Through the training, I realized the relationship between the Tour Guide, visitors and the Cultural heritage. A passionate guide knows that without the monuments, there will be no visitors, and without the tourists there will be nothing for him to guide the visitors around. It means the work of heritage preservation and continuity will provide work for him.
On April 2013, training On Souvenir and Curio Production was held in Badagry, Lagos State, Nigeria.
It was also organized by Collaborative Actions for Sustainable Tourism, UNIDO, Lagos State Government, Lagos Tourism, UNEP, UNWTO, GEF. The training briefly taught us how to preserve antiques but was more on how to create and invest in Souvenir and curio Production.
The Heritage site of Seriki Williams Abass Slave Museum and Brazilian Barracoon of 40 Slaves is prone to flooding and human activities like littering. A beach and Lagoon is close to the site. In respect of the risk associated through this against the site, on the18th of June, 2016, an NGO called The Beach Samaritans in collaboration with Lagos State Ministry of Culture and Tourism organized a beach clean up on Gberefu Beach side and the education on why the beach and lagoon should be kept clean at always. I was the Badagry Coordinator of the Beach cleanup. My duties involved youth attendance, education, Equipment donation, and sustainable beach cleanup by the community.
Flooding as a risk is really unchecked in the Badagry axis and most of the risk that is associated with the site and community are perpetrated by human activities. The government is trying to develop tourism in Lagos State but how is this possible when human activities are not really checked.
I was the Resource person and Tour Guide of Mrs Ndams Veronnica Sannar. She was a MARPM Student at the University of Lagos, Akoka, Lagos Nigeria. I was her research and resource person during her Master’s Degree thesis titled “Sustainable use of Mangroves on the Riverine Zone of the Badagry Lagoon.
When she first contacted me, she told me that she got to know about my work through some students at the university and I was highly recommended. For her work, I told her that it will take more than a day. The books she collected on the subject were old and the information’s were outdated. I encouraged her to visit. She visited me at the museum and I encouraged her but told her that this research work is an opportunity to rewrite and present current information concerning the subject.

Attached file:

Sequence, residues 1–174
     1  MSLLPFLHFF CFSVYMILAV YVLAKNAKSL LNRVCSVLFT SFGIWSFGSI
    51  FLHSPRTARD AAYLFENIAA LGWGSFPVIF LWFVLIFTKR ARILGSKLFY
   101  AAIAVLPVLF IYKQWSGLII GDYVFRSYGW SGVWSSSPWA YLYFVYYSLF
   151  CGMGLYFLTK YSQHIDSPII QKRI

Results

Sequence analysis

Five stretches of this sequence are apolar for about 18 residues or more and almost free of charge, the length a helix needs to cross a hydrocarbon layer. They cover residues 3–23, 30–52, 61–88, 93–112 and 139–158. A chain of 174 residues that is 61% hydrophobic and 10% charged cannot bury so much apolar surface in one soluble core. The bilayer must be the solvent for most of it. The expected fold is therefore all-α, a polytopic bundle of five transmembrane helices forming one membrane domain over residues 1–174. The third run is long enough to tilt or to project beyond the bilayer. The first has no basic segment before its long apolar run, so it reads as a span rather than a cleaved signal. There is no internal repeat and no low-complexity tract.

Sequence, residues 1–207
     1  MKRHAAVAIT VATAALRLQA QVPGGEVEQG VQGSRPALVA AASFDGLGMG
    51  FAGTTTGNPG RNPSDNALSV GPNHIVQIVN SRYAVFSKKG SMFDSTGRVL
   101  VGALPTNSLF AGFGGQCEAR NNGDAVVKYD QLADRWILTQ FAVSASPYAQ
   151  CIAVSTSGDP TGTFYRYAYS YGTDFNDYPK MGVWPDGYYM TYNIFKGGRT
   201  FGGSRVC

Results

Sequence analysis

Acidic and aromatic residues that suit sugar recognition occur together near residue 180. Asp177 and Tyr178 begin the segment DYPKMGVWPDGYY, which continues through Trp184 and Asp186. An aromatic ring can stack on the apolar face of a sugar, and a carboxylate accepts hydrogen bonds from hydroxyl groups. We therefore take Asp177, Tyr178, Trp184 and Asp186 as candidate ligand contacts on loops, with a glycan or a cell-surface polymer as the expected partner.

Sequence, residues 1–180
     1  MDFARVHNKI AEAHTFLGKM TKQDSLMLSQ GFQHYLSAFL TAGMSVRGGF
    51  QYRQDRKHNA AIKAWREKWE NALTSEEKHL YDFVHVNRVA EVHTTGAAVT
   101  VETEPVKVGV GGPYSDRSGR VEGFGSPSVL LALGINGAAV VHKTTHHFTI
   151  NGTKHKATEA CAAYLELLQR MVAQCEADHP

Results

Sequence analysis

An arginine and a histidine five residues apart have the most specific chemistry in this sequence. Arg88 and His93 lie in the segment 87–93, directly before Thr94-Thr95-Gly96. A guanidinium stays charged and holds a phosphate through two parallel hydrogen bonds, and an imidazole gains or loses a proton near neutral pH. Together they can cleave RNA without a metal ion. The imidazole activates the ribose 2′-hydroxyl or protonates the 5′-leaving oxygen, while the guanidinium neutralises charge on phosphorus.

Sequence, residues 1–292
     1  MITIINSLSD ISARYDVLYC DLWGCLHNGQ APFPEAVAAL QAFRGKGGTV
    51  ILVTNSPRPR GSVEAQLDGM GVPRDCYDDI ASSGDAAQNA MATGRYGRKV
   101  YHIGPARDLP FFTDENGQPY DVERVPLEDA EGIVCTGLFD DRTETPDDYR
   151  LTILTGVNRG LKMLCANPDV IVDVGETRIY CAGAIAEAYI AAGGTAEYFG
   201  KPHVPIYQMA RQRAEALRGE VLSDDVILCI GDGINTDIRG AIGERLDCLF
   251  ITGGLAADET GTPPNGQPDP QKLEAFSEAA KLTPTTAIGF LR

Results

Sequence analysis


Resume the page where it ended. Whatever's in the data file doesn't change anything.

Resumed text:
Unfortunately, the Mangroves, which she came to research on, were nowhere to be found. The Mangroves used to be much on the lagoon across the Museum of Seriki Williams Abass, but today there were no mangroves on both side of the Lagoon.
The advantages of Mangroves are numerous to the environment and everything around it. The people used to gradually cut down the mangroves for firewood to smoke the fishes caught in the lagoon and sea, until they cut all the mangroves and Mrs Veronnica was very disturbed to find out that there are no more mangroves on the Badagry axis of the Lagoon.
We rode on the boat throughout the day and passed more than seven villages before we found some mangroves. We took pictures, videoed and I and some villagers were interviewed by her.
The major disadvantage is that, mangroves hold the soil by protecting it from erosion and fishes lay eggs in the mangroves to protect their fingerlings from been eaten by other fishes and animals in the water.
Today, fishes are expensive in Badagry and flooding is common in some communities. It is vital to think of the importance of preservation.
The Cultural Heritage and Risk Management, International Training Course (ITC), is very important to me and is beneficiary to the community, the Museum and my colleague if the opportunity is given to me to attend the course because there are many things that we take for granted.
The importance of the training on heritage preservation is not known around here and I may be the first participant and my position gives me the opportunity to teach others what I have learnt.